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organism thetas more beneficial for the environment gets passed on. >> suarez: teaching a morning biology lesson in any high school is hard in underperforming urban schools with low tests scores, it's even harder. >> what was the point of that lab? was there a point? what was the point, what was the point of the simulation? >> to figure out how to come up with natural selection. >> what is natural selection, though. >> reporter: the >> suarez: the challenge has brought chris emdin, a professor from columbia university's teachers college back into the classroom. emdin's mission: to find a way to make science something these kids can relate to. his idea: to use hip-hop music to unlock science ideas; use the ipod to help you get natural selection. >> what happens if a song is just not popping anymore?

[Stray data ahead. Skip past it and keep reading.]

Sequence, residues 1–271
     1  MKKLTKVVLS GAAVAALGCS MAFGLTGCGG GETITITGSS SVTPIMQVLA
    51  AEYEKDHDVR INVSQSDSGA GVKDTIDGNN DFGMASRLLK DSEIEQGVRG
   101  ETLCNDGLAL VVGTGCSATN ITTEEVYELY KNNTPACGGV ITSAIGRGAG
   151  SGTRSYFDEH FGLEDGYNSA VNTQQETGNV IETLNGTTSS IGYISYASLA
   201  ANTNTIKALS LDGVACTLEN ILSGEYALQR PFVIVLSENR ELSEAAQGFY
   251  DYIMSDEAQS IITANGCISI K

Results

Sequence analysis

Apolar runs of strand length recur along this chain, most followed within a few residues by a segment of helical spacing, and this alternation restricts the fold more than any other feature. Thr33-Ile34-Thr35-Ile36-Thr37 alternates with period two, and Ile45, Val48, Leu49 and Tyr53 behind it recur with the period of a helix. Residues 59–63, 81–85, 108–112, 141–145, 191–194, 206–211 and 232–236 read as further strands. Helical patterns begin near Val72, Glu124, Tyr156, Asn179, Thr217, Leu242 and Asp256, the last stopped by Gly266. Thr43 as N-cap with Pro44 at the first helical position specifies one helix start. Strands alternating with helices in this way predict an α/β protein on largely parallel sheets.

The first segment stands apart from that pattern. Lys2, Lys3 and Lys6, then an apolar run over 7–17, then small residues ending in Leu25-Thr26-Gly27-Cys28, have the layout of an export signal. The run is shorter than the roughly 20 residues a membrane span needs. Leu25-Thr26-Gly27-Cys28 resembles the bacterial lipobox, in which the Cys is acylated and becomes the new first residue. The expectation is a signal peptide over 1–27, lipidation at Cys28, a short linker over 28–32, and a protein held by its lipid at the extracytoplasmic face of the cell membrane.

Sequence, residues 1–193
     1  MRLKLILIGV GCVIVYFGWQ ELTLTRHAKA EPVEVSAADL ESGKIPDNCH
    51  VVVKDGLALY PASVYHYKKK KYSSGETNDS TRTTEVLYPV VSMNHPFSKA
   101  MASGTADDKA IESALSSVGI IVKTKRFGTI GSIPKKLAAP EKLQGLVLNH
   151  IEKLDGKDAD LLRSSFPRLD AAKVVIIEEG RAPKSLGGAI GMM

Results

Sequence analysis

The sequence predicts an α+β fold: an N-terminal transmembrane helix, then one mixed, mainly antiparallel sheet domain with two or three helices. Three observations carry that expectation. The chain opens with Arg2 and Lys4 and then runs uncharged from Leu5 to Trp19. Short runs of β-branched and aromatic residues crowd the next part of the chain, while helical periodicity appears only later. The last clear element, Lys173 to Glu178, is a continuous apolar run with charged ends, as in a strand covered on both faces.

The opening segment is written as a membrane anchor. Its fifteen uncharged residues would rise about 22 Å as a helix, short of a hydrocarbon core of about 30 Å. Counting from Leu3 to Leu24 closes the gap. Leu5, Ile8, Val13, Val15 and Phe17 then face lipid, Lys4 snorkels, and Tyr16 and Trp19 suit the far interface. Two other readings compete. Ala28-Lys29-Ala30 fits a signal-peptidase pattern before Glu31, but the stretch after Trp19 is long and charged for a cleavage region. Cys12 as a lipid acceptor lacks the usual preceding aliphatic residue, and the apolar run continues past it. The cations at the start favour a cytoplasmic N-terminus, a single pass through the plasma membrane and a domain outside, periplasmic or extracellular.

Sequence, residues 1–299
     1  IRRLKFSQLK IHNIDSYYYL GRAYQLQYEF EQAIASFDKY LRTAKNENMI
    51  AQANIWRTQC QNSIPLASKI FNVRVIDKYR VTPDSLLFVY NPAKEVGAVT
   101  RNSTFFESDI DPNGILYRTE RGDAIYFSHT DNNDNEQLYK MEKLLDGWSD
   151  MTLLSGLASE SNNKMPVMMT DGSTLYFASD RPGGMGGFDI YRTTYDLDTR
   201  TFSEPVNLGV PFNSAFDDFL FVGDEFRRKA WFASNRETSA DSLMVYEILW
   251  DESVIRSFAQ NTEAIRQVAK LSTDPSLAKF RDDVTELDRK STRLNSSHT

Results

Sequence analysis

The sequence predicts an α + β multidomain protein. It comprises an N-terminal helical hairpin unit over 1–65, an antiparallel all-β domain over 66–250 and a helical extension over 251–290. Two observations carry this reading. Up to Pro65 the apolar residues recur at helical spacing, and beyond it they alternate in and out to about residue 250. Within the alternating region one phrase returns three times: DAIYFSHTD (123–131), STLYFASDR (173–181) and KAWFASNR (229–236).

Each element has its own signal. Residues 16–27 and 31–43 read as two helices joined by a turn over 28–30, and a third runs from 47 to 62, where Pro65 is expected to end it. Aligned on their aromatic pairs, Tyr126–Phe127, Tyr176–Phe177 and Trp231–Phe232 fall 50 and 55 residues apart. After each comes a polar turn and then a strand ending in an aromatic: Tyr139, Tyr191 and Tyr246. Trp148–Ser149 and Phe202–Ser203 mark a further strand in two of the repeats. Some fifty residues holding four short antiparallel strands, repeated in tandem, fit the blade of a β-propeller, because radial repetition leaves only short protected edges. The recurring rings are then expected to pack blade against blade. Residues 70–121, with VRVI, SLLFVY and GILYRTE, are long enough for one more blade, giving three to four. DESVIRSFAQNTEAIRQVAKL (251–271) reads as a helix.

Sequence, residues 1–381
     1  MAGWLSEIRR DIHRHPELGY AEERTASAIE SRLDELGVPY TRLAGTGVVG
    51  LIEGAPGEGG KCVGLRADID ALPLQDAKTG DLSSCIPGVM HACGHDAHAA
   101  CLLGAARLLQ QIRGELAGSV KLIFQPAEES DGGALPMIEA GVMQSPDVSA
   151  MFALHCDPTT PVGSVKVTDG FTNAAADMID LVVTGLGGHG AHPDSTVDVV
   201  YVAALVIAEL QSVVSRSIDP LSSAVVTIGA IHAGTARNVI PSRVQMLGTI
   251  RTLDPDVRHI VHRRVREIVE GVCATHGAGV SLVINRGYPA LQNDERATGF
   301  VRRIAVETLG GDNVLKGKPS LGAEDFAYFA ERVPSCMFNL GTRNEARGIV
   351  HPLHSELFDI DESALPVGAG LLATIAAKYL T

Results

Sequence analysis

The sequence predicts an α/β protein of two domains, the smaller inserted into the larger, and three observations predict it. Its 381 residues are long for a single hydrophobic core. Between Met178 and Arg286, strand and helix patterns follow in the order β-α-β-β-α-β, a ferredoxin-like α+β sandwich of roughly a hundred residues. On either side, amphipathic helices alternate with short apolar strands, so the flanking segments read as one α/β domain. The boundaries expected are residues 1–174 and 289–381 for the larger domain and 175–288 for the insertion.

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you won't select it to be in your playlist, right? well, if an attribute of an organisms, right, if its not needed anymore, then it won't get passed on to the next generation. in other words, it wouldn't make the new playlist, does that make sense? >> suarez: emdin has partnered with ten new york city public high schools like this one-- bronx compass-- for a pilot project using hip hop to engage low performing students, particularly minorities. according to the national assessment of educational progress, only 4% of african- american seniors nationally were proficient in sciences. >> the basic concept is, they love hip hop, they don't like science, let's find a way to figure it out. >> suarez: the new-model curriculum requires students to write raps about science-- reinforcing vocabulary, and the concepts covered in class. it's called "science genius." >> so now you got mutation and i'm going to leave for two minutes and come back and check.